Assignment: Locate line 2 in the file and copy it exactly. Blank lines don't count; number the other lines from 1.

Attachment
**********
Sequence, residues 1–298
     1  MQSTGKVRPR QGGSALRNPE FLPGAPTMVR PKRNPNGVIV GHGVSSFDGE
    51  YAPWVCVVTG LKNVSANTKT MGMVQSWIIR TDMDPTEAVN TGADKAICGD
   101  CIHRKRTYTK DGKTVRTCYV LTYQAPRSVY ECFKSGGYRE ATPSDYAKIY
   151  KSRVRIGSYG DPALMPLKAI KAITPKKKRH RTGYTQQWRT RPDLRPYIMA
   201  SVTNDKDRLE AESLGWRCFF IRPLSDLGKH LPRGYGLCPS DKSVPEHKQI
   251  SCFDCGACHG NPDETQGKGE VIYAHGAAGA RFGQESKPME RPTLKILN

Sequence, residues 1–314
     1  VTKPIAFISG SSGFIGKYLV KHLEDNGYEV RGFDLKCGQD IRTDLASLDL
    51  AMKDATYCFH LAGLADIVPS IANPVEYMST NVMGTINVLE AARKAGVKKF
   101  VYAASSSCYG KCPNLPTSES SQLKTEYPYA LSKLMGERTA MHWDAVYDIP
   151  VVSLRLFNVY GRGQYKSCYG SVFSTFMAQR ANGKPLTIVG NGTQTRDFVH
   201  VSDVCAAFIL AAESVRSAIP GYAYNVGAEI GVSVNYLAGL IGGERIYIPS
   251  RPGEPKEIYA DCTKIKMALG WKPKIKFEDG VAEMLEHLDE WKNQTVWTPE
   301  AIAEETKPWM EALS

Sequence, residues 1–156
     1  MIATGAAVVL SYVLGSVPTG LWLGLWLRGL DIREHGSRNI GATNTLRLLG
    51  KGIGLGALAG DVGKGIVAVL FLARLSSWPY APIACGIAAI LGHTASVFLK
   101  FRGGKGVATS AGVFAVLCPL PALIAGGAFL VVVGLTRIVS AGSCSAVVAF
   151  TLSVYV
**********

     1  MQSTGKVRPR QGGSALRNPE FLPGAPTMVR PKRNPNGVIV GHGVSSFDGE